Calculating the Force of Friction

  • Normal Force – The force that is exerted when an object is resting on a surface is the “normal force”. According to Newton’s Law of motion, the force of the motionless object in the flat surface must resist the force due to gravity, or else the object will move. In most cases, this normal force can be formulated as:

N = mg

where m is the mass of the object and g is the acceleration due to gravity.

  • Right Coefficient – The object and the particular situation defines a coefficent. When the object is not moving across the surface, you formulate this situation with static friction (μstatic). In case, the object is moving across the surface then the coefficient of sliding friction (μslide) is used.
Credits: FreePik.com

Different Types of Frictional Force

Now that you are clear with what is the frictional force, let us understand its types. There are two types of frictional forces namely, Dry Friction and Fluid Friction. As the name suggests, Dry Friction occurs on solid structures whereas Fluid Friction is observed in liquid surfaces or the bodies which move through the liquid. Mentioned below is a brief summary of the same.

Dry Friction 

The interaction between two solid objects which are in contact and in motion (Kinetic Friction) or when they are stationary (Static Friction) can be determined by the Dry Friction. Kinetic and Static frictions are directly proportional to the normal force between two bodies. Apart from Static and Kinetic, other dry friction forces are Sliding and Rolling friction. 

Fluid Friction

The force which resists the flow of fluid can be regarded as the fluid friction. In this case, both the fluids act as resistance in between the two surfaces. If the fluid substance in contact has less friction, it’s a greasy material and if they have higher resistance, they are called viscous fluids. 

Also Read: Career in Engineering Physics

Application of Friction

Friction is essential in many everyday processes. When two items rub together, for example, some of the energy of motion is transformed into heat. This is why rubbing two sticks together will eventually result in the formation of a fire. Friction is also to blame for the wear and tear on bicycle gears and other mechanical components. As a result, lubricants, or liquids, are frequently used to reduce friction — and thereby wear and tear — between moving parts.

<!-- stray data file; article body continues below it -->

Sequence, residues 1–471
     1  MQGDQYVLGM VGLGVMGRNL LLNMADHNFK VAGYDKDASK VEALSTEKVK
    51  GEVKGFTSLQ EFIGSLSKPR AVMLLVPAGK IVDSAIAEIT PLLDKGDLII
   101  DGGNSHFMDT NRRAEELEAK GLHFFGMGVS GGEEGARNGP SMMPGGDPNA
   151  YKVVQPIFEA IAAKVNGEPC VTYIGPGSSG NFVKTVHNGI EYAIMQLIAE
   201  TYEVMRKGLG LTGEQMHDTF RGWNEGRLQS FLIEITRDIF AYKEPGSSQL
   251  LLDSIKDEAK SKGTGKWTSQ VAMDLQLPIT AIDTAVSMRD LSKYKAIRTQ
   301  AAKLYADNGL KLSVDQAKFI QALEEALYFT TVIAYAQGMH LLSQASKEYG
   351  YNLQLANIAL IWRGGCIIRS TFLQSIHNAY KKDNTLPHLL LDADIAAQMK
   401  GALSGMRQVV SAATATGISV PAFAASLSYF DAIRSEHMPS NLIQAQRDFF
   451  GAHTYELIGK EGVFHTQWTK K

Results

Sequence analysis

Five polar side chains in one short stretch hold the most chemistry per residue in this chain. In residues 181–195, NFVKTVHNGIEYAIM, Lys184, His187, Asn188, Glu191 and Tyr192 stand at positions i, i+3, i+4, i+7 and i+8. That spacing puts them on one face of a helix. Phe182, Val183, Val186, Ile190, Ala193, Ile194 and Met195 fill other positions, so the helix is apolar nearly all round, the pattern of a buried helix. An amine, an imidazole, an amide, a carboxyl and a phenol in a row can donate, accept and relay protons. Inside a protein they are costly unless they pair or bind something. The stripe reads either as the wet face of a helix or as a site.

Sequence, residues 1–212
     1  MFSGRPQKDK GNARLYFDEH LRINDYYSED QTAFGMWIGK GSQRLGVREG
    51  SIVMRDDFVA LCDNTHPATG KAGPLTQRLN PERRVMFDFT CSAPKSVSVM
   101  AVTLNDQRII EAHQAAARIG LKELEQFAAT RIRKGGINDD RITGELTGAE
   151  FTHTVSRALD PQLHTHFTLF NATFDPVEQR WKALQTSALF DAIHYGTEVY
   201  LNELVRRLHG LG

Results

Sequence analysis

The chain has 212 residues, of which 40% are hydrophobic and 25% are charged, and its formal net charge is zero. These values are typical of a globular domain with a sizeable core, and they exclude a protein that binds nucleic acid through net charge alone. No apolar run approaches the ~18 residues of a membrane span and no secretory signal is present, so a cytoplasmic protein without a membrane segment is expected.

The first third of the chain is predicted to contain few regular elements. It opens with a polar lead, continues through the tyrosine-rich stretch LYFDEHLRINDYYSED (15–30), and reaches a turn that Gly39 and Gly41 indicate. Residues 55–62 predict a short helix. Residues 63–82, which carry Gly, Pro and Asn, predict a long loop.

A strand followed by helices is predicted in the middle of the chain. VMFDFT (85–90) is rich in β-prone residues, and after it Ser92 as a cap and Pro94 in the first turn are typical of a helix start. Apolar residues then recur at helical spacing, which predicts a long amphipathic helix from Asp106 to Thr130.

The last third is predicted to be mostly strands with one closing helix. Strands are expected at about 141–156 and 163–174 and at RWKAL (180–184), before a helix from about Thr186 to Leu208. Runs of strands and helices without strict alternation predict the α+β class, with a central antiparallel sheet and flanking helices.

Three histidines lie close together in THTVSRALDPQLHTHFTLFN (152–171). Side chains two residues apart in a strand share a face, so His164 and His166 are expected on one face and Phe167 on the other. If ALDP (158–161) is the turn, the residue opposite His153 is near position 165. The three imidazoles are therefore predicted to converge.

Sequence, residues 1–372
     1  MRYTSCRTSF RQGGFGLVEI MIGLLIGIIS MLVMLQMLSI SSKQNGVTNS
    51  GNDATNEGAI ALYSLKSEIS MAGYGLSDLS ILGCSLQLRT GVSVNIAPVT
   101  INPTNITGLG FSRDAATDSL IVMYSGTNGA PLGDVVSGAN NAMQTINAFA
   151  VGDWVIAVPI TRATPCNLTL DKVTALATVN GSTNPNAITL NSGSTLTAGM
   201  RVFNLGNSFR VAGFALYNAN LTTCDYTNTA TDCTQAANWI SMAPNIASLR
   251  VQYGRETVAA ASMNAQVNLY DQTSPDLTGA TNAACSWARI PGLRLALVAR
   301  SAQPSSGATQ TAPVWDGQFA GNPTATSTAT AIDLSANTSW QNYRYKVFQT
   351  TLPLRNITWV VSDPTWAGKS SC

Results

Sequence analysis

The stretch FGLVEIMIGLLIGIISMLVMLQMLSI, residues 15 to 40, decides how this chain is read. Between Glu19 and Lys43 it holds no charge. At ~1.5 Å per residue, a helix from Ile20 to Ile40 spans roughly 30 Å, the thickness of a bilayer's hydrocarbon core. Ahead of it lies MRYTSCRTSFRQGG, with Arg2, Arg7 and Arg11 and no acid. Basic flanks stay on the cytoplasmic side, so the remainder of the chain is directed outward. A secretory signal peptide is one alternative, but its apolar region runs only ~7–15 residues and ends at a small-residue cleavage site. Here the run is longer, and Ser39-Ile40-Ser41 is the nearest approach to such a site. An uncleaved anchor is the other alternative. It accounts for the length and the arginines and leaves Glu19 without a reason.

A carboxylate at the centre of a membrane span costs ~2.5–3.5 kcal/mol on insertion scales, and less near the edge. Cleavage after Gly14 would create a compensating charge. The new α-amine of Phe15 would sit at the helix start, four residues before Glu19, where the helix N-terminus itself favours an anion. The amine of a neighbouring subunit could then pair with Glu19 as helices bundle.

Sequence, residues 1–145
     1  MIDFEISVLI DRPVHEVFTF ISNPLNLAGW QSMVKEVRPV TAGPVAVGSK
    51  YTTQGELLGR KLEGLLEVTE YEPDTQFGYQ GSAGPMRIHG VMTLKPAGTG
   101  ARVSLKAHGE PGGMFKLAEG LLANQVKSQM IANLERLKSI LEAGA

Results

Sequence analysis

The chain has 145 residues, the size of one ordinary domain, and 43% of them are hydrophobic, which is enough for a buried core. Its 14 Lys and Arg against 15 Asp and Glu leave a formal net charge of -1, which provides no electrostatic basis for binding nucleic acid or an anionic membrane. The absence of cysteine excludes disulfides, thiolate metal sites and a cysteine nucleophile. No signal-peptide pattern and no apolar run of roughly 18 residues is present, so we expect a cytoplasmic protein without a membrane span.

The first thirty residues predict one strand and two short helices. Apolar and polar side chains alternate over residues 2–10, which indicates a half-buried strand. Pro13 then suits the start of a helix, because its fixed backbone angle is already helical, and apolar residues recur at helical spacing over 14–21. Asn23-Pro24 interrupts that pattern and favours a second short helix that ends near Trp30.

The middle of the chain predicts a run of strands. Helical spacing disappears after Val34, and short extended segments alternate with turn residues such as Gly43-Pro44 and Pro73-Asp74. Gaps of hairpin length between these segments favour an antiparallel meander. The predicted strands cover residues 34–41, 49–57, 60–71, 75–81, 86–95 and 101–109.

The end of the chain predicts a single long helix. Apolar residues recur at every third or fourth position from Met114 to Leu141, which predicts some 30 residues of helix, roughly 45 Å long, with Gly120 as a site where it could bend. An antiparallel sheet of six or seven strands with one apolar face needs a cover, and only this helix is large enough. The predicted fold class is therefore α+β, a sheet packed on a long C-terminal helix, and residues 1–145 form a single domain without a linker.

Also Read: Astrophysics Courses

Problems on Frictional Force

Problem 1 – A 50 N of force is applied to the 6 kg of box. If the coefficient of friction is 0, 3, calculate acceleration of the box?

Solution 1– Fnormal = 60 N – 40 N = 20 N

Friction force is –  Ffriction = µ.Fnormal = 0, 3.20N = 6N

Net force in –Y to Y = zero,

But, in –X + X direction net force is not zero

Fnet = m.a

Fnet = m.a

Fx – Ffriction = m.a

Fx – Ffriction = m.a

30 N – 6 N = 6 a

a = 4m/s²

Problem 2 – A block of mass M = 10 kg is placed on a surface which is inclined at angle θ = 45°. 

Mentioning that μs = 0.5 is the coefficient of static friction is between block and the surface.

  • What will be the minimum force F required to prevent slipping?
  • What will be the maximum force F that can be applied without causing the block to slip? 

Solution 2 – The minimum force essential to stop slipping is the minimum force that will inhibit the block from sliding down the incline.

Fmin = 10 g sin(45°) – 10 g cos(45°) x 0.5.

The maximum force that can be applied without causing the block to slip is the maximum force that can be applied without causing the block to slide up the incline.

Fmax = 10 g sin(45°) + 10 g cos(45°) x 0.5.

Fmin = 34.65 N, Fmax = 103.94 N

Also Read: Modern Physics

Hopefully, you are now clear about what is frictional force! For reliable guidance in stream selection or taking the right step after class 12th, reach out to Leverage Edu experts. Not only will they help you in finding a suitable course but will also provide assistance in completing the admission procedure for universities abroad! You can also follow us on Facebook, Instagram, and LinkedIn.

Leave a Reply

Required fields are marked *



15,000+ students realised their study abroad dream with us. Take the first step today.
Talk to an expert